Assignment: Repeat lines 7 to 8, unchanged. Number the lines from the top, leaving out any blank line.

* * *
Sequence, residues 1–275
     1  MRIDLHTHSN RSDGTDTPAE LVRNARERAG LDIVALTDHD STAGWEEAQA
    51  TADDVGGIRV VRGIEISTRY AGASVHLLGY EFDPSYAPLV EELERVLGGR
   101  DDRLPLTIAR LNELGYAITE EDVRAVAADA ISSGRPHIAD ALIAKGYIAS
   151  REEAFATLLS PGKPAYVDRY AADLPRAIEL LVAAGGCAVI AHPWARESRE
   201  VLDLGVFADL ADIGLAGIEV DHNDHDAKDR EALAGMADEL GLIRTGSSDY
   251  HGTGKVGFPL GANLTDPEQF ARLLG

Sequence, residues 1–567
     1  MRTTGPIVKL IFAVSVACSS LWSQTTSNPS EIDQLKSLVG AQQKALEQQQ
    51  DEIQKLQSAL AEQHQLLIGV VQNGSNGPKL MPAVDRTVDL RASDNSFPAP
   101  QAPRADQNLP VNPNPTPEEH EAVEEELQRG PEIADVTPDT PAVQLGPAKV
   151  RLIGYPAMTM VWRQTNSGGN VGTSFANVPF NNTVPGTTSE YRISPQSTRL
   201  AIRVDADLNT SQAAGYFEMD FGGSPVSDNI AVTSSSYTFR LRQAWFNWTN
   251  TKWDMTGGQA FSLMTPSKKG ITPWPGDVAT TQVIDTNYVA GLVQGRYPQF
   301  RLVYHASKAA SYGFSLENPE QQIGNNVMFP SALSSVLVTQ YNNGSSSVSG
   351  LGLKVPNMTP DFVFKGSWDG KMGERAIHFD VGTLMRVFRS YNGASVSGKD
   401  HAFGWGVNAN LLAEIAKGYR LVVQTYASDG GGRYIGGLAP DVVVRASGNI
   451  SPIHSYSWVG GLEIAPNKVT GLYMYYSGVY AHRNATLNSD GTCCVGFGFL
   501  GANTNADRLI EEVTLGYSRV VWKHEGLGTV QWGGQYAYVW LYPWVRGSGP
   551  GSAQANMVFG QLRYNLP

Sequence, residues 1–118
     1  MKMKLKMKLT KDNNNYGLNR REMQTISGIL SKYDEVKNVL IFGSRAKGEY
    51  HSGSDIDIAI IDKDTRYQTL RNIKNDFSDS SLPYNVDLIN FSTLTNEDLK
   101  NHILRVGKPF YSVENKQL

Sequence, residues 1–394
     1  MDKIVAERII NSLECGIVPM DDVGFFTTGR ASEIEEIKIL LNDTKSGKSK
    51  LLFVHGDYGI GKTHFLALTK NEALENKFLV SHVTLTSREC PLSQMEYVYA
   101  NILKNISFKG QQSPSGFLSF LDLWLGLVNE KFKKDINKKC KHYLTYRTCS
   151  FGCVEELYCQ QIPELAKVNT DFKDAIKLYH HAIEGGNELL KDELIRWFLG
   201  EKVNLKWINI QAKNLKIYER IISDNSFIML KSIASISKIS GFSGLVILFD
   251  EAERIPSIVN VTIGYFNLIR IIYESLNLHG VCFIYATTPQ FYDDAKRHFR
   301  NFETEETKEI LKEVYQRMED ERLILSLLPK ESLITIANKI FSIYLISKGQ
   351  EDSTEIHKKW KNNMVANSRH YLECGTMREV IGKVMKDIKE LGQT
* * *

   251  HGTGKVGFPL GANLTDPEQF ARLLG

Sequence, residues 1–567